Spain’s position [14th] in the European health system rankings did turn out to be higher than the UK’s. What interested me was the El Pais comment that this survey shattered the myth that Spain’s system is among the top 5 or 6. Back in the UK, there are many deluded souls who still believe that the NHS is the envy of the world. In this, of course, they’re encouraged by Labour politicians who treat it as a gem to be preserved as the biggest employer in Europe. And the least efficient. The truth is even Cyprus and Estonia achieved higher ratings. Not to mention the UK’s ex-poor relative, Ireland. And yet Gordon Brown still looks set to win the next election.
Many of you will be unaware the Rugby World Cup is currently taking place, mostly in France. So far, it’s been a terrific event, with the ‘minnows’ of Georgia, Portugal, Fiji and Namibia putting in spectacular performances against the big-name teams. But at one match the other night the commentator said something rather odd, viz. “The crowd has begun to sing the Basque national anthem, which has become something of an unofficial song for this tournament.” Did he mean the anthem of the French Basque region? Or is there something shared between the French Basques and their brethren across the Pyrenees?
Anthems and flags tend to go together and the latter are very much in the news in Spain these days. Specifically, Spanish flags which are not where they should be or which are being burnt by what other bloggers in Barcelona call Cataloonies. Checking with our town hall yesterday, I saw there were four flags a-flying – the Pontevedra flag, the Galicia flag, the Spanish flag and the EU flag. My conclusions were 1. If you’re going to fly one flag, four is logical, and 2. This is too many bloody flags. Better for there to be none at all.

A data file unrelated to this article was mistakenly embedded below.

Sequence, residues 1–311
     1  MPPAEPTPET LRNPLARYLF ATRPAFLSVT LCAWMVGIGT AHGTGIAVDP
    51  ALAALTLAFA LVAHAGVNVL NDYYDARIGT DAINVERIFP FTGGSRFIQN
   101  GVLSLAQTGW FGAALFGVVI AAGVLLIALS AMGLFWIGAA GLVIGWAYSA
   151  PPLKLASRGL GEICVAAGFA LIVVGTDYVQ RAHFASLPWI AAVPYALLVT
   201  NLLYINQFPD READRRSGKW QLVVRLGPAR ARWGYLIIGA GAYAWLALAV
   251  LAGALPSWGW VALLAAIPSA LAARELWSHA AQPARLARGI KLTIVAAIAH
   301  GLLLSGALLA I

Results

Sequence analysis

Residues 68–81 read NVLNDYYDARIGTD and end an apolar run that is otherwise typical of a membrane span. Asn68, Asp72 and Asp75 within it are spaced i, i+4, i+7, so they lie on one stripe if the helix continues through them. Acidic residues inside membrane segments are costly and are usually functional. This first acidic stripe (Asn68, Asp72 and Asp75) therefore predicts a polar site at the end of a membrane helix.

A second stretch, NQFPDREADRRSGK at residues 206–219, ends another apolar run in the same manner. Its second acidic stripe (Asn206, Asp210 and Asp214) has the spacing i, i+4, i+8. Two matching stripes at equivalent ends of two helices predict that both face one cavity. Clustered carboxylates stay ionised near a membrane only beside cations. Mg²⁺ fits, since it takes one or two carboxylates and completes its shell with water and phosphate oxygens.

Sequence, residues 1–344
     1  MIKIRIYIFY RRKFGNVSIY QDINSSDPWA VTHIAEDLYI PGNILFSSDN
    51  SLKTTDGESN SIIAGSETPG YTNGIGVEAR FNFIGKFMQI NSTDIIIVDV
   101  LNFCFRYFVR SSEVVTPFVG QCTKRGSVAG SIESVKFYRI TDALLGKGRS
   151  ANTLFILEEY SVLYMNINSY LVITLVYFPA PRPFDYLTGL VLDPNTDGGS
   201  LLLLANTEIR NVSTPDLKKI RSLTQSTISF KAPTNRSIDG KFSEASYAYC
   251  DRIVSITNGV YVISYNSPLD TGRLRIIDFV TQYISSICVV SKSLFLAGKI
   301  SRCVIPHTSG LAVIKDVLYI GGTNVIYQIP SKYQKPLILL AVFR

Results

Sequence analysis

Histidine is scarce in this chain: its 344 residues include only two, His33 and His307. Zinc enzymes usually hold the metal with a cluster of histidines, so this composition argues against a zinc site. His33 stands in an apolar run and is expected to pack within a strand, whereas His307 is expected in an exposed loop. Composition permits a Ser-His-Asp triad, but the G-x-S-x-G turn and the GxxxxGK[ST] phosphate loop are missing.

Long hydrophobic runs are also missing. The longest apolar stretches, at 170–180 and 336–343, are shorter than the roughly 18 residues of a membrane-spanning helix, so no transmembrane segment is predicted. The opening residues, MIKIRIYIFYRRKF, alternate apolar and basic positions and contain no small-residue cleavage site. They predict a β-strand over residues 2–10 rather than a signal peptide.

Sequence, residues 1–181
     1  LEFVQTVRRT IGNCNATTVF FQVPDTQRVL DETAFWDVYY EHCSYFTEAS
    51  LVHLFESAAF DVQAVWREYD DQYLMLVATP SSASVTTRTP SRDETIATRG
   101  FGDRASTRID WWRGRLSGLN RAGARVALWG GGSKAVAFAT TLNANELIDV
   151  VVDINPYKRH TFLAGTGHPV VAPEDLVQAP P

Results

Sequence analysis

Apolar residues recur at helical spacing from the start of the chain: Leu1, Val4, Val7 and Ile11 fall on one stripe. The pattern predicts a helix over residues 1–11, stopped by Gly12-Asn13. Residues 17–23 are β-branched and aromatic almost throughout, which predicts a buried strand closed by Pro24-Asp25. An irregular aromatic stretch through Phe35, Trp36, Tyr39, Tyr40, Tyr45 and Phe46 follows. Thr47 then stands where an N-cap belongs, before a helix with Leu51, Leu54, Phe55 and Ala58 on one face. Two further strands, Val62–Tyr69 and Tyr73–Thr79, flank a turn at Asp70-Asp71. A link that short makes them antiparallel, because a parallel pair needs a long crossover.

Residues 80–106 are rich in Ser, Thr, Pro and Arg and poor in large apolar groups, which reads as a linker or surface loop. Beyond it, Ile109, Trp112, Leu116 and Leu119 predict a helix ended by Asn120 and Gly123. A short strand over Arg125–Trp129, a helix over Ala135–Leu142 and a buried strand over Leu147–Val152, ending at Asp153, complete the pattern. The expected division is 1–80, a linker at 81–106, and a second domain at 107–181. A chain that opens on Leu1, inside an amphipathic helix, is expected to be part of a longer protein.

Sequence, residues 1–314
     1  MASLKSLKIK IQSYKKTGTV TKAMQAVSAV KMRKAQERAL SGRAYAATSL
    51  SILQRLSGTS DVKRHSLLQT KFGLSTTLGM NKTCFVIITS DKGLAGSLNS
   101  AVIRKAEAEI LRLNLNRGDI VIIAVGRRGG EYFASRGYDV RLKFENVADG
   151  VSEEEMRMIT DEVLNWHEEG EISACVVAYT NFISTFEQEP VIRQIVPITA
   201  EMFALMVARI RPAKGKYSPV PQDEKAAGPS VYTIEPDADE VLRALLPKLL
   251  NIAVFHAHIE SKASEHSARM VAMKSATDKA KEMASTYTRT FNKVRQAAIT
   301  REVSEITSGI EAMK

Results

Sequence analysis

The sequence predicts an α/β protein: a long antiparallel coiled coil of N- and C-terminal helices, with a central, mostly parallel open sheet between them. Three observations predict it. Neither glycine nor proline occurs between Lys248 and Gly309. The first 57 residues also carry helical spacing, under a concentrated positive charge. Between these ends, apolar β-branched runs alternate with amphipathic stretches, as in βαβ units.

Changing times – The government of Andalucia will be the first in Spain to apply new Government regulations for noise tests on mopeds. So, is this the end of the road for this irritating element of the traditional Spanish culture?
Speaking of which . . . Before the end of this week, I’ll be posting my overview of all I find positive and negative about Spain. Meanwhile, my core view is that, thanks to its colourful history, Spain has the most interesting culture in Europe. In brief, a fascinating fusion of various influences that the Spanish should be very proud of. Why am I saying this now? Well, a week or two ago, in an exchange with a Spanish reader, I wrote that elements of the Spanish culture reminded me of the Middle East, where I had lived for 3 years. This led to a battery of comments – one or two of them almost polite – suggesting I was not only an imbecile but also a racist. For reasons beyond my comprehension, I was alleged to have said that all Spaniards were descended from Arabs. Surely a racist comment in itself, given the attitude behind it. Anyway, there were two basic camps of infuriated reader:– 1. Those who insist the Spanish are not only pure Celto-Iberians but also the progenitors of almost everyone else in Europe, particularly the Brits. Nothing has happened since Celtic times to change this, and 2. Those who believe that 700 years of occupation by the Moors has left no trace whatsoever on Spain and that any similarity with other cultures is pure coincidence. Well, It’s not, of course, a new or original thought that Spain’s culture reflects various influences and here are a few relevant quotes from page 1 of a 30 second Google search . . .
The Spanish culture of today has been reinforced by the strong influences of the Roman, Jewish, Moorish and Muslim cultures that have lent a distinct charm to the culture of Spain. Each aspect of the Spanish culture - its cuisine, religions, festivals, language and literature is a living proof of the myriad influences that make the Spaniards proud of themselves.
Many Spaniards would probably not be very happy to admit this but Spain's culture and ambiance owes its uniqueness to the influence of the Middle East. Although some traces of Arabic influence have been wiped out over the centuries, they will never be completely purged from what was once a strong Muslim-owned country.
The Moorish period lasted 700 years and their presence led to the forging of the Spanish culture and identity. And, although Spain hasn't been a center of Muslim learning and culture for over 500 years, the presence of Muslim (and Mudéjar) architecture to this day attests to the profound mark left upon Spain.